Surgery is a risky business, but when you take into account the potential for infection, the risk shoots up even more. Now, however, scientists have found a way to make medical devices safer — and all it takes is a sticky surface created by our old friend penicillin!
Â According to the Centers for Disease Control and Prevention (CDC), health care-associated infections (HAIs) — which are infections acquired by patients during medical treatment or by health care workers on the job — make up two million infections and 90,000 deaths in hospitals every year. On top of the human cost that number translates to over $4.5 billion in additional costs to the health care system every year!
Â However, HAIs can be common, as the human body is extremely susceptible to bacteria. So, no matter how sterile the hospital environment is, the body itself is not. That’s where this latest development comes in.
Â University of Southern Mississippi (USM) researchers have come up with a way to coat different medical devices and equipment — such as catheters, and surgical implants, and instruments — with bacteria-fighting antibiotics.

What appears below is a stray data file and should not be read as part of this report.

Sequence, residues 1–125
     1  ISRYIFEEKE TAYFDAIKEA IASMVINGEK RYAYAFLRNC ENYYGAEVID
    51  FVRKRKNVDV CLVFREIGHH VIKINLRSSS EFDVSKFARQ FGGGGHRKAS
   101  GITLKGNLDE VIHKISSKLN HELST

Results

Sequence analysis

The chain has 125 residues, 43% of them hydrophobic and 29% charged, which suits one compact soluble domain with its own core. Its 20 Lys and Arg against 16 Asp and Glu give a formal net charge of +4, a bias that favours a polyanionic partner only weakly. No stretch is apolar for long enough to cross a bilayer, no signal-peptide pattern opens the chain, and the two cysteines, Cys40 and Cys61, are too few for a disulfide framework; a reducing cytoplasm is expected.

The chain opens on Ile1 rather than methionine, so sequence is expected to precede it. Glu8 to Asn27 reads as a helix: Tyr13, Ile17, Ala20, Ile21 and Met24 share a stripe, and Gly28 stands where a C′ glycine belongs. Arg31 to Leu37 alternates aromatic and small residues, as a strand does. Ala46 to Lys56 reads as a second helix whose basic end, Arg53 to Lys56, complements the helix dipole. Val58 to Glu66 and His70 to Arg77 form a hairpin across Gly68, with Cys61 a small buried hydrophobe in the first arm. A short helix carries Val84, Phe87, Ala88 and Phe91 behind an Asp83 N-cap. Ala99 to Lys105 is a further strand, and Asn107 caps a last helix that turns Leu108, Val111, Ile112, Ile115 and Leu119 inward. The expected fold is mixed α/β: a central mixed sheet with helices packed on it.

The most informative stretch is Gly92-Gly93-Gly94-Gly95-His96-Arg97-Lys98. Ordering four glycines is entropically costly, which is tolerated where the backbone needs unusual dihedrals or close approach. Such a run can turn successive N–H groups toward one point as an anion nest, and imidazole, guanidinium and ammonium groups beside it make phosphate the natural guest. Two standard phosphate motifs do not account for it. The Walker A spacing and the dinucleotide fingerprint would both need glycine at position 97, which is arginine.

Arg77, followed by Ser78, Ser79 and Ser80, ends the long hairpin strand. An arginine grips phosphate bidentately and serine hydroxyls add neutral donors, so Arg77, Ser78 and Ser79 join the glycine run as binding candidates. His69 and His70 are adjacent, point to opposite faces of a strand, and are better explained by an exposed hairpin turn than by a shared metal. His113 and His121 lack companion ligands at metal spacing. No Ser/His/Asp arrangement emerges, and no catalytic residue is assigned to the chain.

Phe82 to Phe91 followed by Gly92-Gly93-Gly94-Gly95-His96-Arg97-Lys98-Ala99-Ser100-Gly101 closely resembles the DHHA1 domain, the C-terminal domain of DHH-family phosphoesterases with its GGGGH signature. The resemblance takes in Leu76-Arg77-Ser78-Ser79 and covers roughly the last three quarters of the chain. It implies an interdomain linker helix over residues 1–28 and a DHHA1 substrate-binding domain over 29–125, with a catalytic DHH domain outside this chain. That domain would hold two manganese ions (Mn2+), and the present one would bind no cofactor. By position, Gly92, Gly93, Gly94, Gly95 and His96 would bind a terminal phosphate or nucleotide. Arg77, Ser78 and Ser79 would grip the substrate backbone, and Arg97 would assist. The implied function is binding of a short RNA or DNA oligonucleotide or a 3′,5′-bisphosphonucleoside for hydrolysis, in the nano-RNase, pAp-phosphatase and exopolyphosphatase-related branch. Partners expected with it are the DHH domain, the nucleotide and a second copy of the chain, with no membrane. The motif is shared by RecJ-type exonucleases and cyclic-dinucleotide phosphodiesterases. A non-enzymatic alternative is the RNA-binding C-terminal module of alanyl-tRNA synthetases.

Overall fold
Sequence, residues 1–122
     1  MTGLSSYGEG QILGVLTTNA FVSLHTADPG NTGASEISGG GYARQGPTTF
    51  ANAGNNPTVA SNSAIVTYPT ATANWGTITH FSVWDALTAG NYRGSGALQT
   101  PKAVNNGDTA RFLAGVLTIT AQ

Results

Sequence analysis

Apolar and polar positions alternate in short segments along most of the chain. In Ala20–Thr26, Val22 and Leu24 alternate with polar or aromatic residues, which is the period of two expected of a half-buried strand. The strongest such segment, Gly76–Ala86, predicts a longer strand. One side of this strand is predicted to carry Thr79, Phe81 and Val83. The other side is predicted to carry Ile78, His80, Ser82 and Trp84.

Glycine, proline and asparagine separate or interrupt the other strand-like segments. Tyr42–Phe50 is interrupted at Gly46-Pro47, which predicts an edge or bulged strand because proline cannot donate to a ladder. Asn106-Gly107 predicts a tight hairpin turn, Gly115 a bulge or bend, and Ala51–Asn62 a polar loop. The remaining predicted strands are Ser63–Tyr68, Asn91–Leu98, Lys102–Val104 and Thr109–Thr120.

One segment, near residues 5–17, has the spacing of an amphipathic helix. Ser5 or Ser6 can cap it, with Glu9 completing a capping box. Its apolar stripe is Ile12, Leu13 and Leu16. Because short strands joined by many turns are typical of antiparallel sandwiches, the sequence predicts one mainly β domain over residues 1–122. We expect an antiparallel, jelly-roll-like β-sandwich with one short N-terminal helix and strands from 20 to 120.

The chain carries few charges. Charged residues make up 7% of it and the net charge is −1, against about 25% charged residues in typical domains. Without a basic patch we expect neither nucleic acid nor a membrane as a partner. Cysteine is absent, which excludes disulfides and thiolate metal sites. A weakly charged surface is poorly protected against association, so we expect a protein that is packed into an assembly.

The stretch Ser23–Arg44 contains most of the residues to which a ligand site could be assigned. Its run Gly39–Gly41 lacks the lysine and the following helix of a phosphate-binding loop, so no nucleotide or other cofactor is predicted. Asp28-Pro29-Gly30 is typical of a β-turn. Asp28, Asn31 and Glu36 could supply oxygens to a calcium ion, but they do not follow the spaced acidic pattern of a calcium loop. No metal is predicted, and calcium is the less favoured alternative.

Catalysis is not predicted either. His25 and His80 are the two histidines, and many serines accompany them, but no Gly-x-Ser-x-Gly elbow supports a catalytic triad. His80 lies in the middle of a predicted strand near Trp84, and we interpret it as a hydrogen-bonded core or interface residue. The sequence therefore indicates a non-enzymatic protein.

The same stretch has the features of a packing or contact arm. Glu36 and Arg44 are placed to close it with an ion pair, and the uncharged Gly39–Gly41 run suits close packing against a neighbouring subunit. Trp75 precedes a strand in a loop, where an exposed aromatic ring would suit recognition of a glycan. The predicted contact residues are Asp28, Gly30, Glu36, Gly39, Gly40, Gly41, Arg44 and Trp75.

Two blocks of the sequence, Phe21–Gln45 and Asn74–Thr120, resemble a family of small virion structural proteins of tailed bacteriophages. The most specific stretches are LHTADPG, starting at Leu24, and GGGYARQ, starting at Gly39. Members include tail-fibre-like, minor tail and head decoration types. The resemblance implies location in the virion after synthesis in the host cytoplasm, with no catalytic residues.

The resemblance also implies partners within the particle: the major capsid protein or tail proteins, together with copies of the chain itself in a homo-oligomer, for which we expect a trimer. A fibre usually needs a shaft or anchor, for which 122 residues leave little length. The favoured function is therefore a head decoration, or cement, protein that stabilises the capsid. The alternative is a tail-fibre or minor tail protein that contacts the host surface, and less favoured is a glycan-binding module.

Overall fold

Â “Polytetrafluoroethylene” is the stuff that’s used as a non- stick coating on pots and pans, and it’s also used on medical devices and instruments. The USM team was able to alter the non-stick substance so that an antibiotic, in this case, penicillin, could glue onto it. With the antibiotic glued in place, no bacteria could stick to a coated device — and it would kill any bacteria it came into contact with.
Â The USM researchers tested this penicillin coating and found that it could destroy a dangerous type of bacterium: “Staphylococcus aureus.” However, the research goes on, as the team hopes to be able to do the same with other antibiotics, in order to be able to fight a wider range of bacteria and with other surfaces. It will be a while yet, but it looks like hospitals should be able to reduce your risk of infection with this ingenious antibiotic coating.